Blog Ten: Tips to Eating Out with Children

“Tips to Eating Out with Children”

Blog Ten: Monday, 3 June 2019

Written by Mandy Sacher, CEO of Wholesome Child

main image

Welcome back,

A common question I have from parents wanting to be as healthy as possible is, “how can I take my kids to a restaurant?”

Eating out as a family can often be a scary time as many kids meals are loaded with refined sugars, hydrogenated fats and sodium. But, the answer isn’t to avoid restaurants! Simply make sure when eating out you choose the healthiest options for your family and avoid a nutritional nightmare. Here are my top tips and what to look for on the menu.

Be prepared!

Many of us love to take a peek at the menu before we head to a restaurant anyway. This can be a great time to get a sense of whether you can find at least one or two nutritious meal choices. If the menu isn’t ideal, bring a few healthy supplies or for babies and toddlers to eat.

Avoid the kids’ menu

The kids’ menu is most often a junk food trap designed to entice young taste buds with deep-fried fish fingers and chips, chicken nuggets and toasted cheese sandwiches. These meals offer little nutritional value but are often included as eating out staples for growing children. So unless you are eating at a venue with a healthy kid’s selection, it’s best to order off the main menu and share with your child.

Breakfast options

Aim for breakfast options that will jumpstart the day for you and your family.

  • Free-range eggs with healthy sides, such as salmon, avocado, fresh tomato, buffalo mozzarella and grilled mushrooms. Ask for sourdough, wholegrain or gluten-free bread.
  • Superfood smoothies. A winning combination is to include natural yoghurt, coconut water, chia, banana, blueberries and spinach.
  • Quinoa or chia porridge is now available in many health conscious places.
  • Oatmeal (the old-fashioned kind) topped with plain yoghurt and seasonal fruit.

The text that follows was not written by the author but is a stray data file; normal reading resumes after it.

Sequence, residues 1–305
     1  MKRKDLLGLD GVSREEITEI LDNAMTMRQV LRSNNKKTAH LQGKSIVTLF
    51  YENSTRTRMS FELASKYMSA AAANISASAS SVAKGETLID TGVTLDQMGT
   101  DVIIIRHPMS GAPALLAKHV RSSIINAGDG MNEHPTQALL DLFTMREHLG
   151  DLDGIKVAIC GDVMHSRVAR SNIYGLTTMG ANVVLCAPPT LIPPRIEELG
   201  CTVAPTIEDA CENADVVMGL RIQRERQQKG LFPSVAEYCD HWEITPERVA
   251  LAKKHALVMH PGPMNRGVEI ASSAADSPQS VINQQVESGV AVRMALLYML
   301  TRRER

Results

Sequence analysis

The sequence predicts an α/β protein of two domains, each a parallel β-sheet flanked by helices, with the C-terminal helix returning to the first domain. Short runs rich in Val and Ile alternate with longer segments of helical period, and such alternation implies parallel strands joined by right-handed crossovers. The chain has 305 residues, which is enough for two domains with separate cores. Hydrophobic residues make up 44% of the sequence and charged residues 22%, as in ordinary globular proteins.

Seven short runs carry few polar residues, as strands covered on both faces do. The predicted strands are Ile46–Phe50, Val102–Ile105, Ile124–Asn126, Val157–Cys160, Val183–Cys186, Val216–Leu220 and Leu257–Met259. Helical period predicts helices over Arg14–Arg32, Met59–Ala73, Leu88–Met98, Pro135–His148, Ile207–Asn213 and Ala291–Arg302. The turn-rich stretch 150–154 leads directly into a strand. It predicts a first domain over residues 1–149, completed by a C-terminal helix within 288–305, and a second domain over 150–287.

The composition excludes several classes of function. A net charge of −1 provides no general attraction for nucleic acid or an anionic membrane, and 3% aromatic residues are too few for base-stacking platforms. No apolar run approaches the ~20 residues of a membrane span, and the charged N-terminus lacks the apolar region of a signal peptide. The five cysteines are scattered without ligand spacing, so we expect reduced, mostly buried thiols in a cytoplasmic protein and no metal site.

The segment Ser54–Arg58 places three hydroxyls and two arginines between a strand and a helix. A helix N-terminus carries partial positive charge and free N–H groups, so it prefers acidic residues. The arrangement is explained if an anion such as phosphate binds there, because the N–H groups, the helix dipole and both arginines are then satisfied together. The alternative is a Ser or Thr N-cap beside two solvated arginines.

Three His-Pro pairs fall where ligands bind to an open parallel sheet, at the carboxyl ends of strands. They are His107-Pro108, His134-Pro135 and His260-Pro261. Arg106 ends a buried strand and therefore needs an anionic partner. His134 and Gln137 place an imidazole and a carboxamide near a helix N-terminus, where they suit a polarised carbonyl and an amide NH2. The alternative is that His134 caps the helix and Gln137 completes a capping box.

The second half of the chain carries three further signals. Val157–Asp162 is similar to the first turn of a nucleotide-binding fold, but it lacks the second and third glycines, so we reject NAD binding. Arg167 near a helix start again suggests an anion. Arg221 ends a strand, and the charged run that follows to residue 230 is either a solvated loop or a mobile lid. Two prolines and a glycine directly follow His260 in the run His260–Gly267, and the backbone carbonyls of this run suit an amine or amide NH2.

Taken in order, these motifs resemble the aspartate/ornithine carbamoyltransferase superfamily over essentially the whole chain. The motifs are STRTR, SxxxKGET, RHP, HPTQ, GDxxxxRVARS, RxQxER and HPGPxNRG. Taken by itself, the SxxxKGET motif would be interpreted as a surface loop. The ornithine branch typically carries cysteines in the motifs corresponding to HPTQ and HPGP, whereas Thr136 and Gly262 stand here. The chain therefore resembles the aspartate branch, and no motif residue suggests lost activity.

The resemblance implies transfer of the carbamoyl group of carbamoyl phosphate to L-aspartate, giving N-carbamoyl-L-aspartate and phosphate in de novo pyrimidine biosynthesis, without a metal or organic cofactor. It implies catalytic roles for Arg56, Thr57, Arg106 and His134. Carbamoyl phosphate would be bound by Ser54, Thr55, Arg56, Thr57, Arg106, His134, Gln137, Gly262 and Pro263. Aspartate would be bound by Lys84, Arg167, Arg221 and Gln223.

Lunch

Encourage your children to fill up on protein-packed lunch options to ensure their energy levels remain high throughout the afternoon.

  • Sandwiches on sourdough or wholegrain bread with at least one nutritious protein such as tuna, salmon, egg, cheese or shredded chicken, and additional energy boosting ingredients such as avocado, lettuce, grated carrot or cucumber.
  • If your children ask for chips, try to encourage them to have wedges, baked potato or potato mash instead. Some restaurants may offer sweet potato wedges as a healthy alternative.
  • Pizzas are a favourite for hungry little tummies but make sure you order a thin crust pizza and ask if gluten-free options are available.

Dinner

Eating out for dinner can be one of the most challenging nutritional conquests. This is when veggie sticks, dips or other healthy snacks may come in handy to ward off pleas for other snacks whilst they wait for their food to arrive.

  • Choose a healthy protein option such as grilled, sautéed or baked meats, poultry and fish. For vegetarians, chickpea rissoles, bean stews and falafels make a great protein choice.
  • Sharing plates are a good choice as they encourage children to explore new tastes. Many restaurants offer tasting or sharing plates which include olives, marinated vegetables, cheese and dips such hummus, tzatziki and baba ghanoush.
  • Burgers will always remain a firm favourite. Ask for it to be served on a wholegrain or sourdough bun instead of a white burger bun and ensure that if ordering chips on the side, it’s a small portion. Another great option is to ask for rice and salad instead of chips.

Happy munching,

Mandy xx

 

Untitled-1